Economy
4:47 pm
Sun October 23, 2011

Today's Wall Street Not Much Different From 2008

Top European finance officials met again Sunday in Brussels to try and prevent a financial collapse and save the continent from its debt crisis.

Europe's debt situation differs from what happened in 2008 in the U.S., where banks lent money to fuel an unsustainable housing boom. Still, a default in Europe could have serious consequences on Wall Street and on global markets.

As the European markets get closer to a meltdown and the echoes of the 2008 banking crisis still resonate in the U.S., has anything changed on Wall Street in the past few years?

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Afghanistan
4:15 pm
Sun October 23, 2011

Karzai: Afghans Will Back Pakistan If U.S. Attacks

Originally published on Sun October 23, 2011 4:24 pm

Afghan President Hamid Karzai says that in a war between Pakistan and the U.S., Afghanistan would support Pakistan.

"If fighting starts between Pakistan and the U.S., we are beside Pakistan," he said in an interview with private Pakistani television station GEO that aired Saturday. "If Pakistan is attacked and the people of Pakistan need Afghanistan's help, Afghanistan will be there with you."

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Politics
3:10 pm
Sun October 23, 2011

Congressional Strongmen, Stripped Of Superpowers

U.S. Rep. Dave Camp, R-Mich., speaks during a hearing before the Joint Deficit Reduction Committee in September. Since the supercommittee's formation in August, the House and Senate appropriations committees have seen their powers diminish.

Alex Wong Getty Images

Since the supercommittee was formed in August to find federal deficit cuts, the House and Senate appropriations committees have seen their responsibilities wane. But not too long ago, they were the most exclusive clubs in Congress and it took years to get assigned to one.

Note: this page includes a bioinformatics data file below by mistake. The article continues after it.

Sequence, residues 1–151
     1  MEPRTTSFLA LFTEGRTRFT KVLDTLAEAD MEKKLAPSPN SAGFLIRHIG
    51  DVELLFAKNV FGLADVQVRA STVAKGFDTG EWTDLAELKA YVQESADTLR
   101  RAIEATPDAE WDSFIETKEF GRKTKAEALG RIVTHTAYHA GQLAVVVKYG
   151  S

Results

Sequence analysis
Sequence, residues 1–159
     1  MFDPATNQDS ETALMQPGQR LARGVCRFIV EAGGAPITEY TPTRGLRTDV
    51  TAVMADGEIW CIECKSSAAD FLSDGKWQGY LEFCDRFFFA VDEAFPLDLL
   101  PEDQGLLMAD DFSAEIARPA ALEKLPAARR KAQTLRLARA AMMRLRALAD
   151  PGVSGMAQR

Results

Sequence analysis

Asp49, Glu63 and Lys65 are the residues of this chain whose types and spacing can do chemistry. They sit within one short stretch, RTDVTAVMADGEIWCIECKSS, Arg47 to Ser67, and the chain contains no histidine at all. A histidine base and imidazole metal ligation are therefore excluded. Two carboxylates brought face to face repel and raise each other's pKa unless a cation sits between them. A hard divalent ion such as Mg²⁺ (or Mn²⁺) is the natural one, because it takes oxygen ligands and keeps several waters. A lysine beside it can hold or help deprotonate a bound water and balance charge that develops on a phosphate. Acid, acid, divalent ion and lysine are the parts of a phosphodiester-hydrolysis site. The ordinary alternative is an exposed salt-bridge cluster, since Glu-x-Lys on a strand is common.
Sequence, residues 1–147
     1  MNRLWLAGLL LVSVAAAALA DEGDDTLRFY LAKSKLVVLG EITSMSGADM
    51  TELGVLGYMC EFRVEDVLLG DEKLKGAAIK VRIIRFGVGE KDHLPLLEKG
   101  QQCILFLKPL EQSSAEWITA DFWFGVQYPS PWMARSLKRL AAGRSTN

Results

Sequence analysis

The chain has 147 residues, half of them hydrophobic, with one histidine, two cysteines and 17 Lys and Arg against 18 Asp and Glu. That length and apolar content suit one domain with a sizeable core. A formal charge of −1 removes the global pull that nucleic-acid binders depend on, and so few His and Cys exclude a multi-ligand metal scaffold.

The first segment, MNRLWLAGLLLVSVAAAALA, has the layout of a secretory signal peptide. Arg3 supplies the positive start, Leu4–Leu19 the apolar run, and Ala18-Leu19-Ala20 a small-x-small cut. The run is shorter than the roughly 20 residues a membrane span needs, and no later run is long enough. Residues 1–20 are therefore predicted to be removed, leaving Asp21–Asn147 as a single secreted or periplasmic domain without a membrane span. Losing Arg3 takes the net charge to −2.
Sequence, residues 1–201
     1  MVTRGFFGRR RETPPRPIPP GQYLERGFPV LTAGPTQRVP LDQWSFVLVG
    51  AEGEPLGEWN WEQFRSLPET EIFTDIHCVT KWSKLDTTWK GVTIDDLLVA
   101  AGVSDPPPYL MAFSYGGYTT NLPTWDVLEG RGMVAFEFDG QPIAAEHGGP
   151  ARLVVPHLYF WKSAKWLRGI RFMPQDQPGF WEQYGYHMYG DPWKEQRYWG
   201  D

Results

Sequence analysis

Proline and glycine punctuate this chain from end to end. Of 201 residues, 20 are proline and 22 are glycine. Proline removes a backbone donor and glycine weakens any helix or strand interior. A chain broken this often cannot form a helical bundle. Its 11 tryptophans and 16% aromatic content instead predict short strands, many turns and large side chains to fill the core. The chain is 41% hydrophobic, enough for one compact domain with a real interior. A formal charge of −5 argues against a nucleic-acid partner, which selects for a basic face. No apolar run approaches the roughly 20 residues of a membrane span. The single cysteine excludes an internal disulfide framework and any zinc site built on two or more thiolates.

Appropriations 'Lost Its Luster'

Rep. Jeff Flake, R-Ariz., finally landed a spot on the House Appropriations Committee last fall. That's because few others wanted the job — he jokes to Guy Raz, host of weekends on All Things Considered.

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Author Interviews
2:30 pm
Sun October 23, 2011

Products R Us: Are We 'Brandwashed'?

Martin Lindstrom writes that Whole Foods places flowers by the store's entrance "to 'prime' us to think of freshness the moment we enter the store."

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In an article for Fast Company magazine, Martin Lindstrom writes that Whole Foods places flowers by the store's entrance "to 'prime' us to think of freshness the moment we enter the store."

Justin Sullivan Getty Images

Martin Lindstrom got into the advertising business early on.

"I started up my own ad agency when I was 12 years old," he tells Guy Raz, host of weekend on All Things Considered. "I was a huge fan of Lego, so I built up my own Legoland in the backyard of my mom and dad's garden."

No one showed up on the first day, but Lindstrom persuaded a local ad agency to sponsor him. On the third day, he had 131 visitors.

The only problem? "Visitor number 130 and visitor 131 were the lawyers from Lego suing me."

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NPR Story
2:00 pm
Sun October 23, 2011

Tunisians Vote In Free Elections